Here's some news I got today from one of my congressmen, rep Charlie Bass:
> New Millennium Classrooms Act Puts More Computers in Schools
> I am working on legislation that would increase the numbers of computers
> donated to schools and libraries. The New Millennium Classrooms Act (H.R.
> 2308) is particularly focused on increasing computer donations to schools
> most in need. A 1997 study found that public schools have only one
> multi-media computer for every 24 students on average. The ratio is even
> greater in schools located in economically distressed areas. Many times the
> computers in the schools are too old for today's software or to access the
> Internet at an acceptable speed.
> The New Millennium Classrooms Act, which I cosponsored this week, would
> allow businesses and manufacturers to receive a tax credit equal to 30% of
> the retail value of donated computer equipment. In order to ensure that
> equipment is up-to-date, the bill limits the donation to computers three
> years of age or less. The bill will help overcome the digital divide by
> providing computer access to students from lower income families.
So it looks like congress at least is trying to encourage a private solution to
the problem, rather than trying to fund some big government bureaucracy to do it
for far more money...
One a more ironic note, here's another excerpt from his message. The wording is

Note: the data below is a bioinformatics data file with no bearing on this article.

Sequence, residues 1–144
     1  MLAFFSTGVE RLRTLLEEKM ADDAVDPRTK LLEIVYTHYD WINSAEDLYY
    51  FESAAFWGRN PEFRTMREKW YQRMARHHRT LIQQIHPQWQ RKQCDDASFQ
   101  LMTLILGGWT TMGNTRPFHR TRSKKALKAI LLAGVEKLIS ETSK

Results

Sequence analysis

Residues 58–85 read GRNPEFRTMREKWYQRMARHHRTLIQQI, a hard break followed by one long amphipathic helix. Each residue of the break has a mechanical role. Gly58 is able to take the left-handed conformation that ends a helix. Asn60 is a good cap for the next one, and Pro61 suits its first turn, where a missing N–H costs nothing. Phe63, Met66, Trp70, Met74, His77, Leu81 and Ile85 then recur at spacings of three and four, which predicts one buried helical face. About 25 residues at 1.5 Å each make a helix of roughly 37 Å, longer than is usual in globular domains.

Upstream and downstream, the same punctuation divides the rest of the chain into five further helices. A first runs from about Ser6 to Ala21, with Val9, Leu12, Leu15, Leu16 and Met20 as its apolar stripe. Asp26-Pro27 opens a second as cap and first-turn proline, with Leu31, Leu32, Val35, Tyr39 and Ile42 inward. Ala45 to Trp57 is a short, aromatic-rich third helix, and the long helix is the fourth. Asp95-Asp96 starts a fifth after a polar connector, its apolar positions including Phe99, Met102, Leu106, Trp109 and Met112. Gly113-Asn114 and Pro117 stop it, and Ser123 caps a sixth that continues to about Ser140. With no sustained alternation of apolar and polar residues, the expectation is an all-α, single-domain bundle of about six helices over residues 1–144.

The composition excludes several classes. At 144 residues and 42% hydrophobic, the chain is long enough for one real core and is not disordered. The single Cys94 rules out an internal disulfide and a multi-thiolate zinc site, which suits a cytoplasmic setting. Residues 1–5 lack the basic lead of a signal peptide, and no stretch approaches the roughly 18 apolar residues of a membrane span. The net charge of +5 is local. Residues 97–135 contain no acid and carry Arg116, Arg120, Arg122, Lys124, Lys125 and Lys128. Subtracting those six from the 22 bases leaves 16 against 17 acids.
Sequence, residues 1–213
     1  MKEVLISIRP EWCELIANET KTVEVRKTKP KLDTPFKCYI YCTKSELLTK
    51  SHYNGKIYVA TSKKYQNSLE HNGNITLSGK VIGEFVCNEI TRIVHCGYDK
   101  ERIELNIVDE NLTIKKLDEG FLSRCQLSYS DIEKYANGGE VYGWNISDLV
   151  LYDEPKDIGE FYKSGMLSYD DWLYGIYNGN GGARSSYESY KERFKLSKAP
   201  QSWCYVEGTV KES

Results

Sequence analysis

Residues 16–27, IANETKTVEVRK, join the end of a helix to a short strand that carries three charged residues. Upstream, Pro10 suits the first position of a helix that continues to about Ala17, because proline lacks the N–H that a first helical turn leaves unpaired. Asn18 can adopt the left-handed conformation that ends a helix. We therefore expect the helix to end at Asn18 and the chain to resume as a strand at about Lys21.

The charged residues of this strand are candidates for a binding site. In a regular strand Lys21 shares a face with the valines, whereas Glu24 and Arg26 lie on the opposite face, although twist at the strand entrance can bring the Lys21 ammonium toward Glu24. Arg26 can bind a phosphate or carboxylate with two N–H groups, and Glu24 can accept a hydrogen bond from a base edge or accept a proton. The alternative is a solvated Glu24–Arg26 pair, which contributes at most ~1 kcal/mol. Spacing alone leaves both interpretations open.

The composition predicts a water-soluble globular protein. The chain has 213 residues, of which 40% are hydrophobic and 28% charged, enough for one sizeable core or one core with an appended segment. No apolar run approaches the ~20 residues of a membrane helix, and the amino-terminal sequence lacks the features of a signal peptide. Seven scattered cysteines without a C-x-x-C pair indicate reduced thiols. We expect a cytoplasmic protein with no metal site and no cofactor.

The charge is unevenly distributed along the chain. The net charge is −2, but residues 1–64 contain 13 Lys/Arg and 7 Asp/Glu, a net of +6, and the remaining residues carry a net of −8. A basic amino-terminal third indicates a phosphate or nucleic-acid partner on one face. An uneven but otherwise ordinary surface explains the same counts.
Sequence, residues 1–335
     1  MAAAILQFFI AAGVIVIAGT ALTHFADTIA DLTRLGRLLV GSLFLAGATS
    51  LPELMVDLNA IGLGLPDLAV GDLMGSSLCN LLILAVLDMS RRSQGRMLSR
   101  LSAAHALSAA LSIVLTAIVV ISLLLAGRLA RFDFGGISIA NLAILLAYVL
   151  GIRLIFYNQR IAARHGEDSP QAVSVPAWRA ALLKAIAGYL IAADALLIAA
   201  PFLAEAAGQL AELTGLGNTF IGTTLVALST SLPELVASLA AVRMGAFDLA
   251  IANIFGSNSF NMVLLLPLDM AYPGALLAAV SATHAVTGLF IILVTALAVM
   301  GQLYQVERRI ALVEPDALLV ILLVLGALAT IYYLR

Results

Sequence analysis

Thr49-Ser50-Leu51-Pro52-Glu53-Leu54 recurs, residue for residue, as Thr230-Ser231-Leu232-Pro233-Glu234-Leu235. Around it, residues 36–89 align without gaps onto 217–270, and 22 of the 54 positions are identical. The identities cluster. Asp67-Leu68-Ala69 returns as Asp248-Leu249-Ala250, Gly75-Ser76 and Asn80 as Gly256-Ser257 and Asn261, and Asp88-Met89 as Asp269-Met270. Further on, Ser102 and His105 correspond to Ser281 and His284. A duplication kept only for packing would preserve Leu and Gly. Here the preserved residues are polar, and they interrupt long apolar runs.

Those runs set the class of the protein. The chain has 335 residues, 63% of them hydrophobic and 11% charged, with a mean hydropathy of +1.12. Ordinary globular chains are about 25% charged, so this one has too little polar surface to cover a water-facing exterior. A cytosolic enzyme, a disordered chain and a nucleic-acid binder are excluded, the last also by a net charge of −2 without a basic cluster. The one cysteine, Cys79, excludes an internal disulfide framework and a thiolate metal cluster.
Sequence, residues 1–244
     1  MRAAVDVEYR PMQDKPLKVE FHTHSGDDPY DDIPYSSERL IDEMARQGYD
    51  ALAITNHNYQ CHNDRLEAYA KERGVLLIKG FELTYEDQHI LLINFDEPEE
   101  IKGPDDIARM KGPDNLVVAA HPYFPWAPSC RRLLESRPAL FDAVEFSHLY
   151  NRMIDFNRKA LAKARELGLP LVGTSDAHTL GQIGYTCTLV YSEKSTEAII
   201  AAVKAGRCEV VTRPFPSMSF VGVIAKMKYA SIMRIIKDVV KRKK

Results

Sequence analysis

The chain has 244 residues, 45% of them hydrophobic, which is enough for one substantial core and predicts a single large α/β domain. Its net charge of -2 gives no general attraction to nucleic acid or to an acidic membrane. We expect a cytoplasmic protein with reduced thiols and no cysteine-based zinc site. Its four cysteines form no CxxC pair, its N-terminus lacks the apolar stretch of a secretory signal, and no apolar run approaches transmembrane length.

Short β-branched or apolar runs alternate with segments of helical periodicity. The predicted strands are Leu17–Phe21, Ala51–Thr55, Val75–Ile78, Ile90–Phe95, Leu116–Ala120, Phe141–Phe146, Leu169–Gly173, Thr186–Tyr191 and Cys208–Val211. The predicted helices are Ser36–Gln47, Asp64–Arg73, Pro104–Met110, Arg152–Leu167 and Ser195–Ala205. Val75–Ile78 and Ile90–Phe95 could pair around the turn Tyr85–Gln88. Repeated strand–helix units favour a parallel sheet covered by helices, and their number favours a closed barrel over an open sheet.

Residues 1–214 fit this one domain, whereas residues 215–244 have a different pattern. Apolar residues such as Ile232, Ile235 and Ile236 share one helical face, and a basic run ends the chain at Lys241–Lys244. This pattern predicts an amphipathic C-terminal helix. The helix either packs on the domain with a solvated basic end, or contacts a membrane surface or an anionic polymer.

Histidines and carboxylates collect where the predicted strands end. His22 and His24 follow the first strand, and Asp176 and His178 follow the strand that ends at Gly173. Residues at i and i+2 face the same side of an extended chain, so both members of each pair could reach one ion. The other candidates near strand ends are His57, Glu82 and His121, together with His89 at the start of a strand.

loose enough that you'd think he was proposing we end the drug war...:
> Increasing Americans Access to Cheaper Drugs from Other Countries
> I am a cosponsor of legislation to help increase access in America to less
> expensive drugs from other countries. The Drug Import Fairness Act (H.R.
> 3240) is a good first step toward making drugs more affordable. The bill
> would amend the Federal Food, Drug, and Cosmetic Act to clarify certain
> responsibilities of the Food and Drug Administration (FDA) with respect to
> the importation of drugs into the United States.
> There are a number of rules and regulations governing the importation of
> drugs. These rules are intended to ensure quality and safety in
> pharmaceutical products. There is concern, however, that the FDA is placing
> obstacles in the way of legal drug importation that exceed the intent of
> current law, thereby stifling imports of less expensive drugs to America.
> The Drug Import Fairness Act would prevent the FDA from improperly stopping
> the importation of perfectly safe and less expensive drugs by requiring the
> agency to notify an importer of what is wrong with a package the agency
> seeks to block. This is a good first step to lowering drug prices. I will
> continue to examine what additional steps can be taken to bring price
> fairness across borders and otherwise reduce the burden increasing drug
> costs are placing on Americans.
Yeah, baby, more cheap drugs is what we need, thats for sure...
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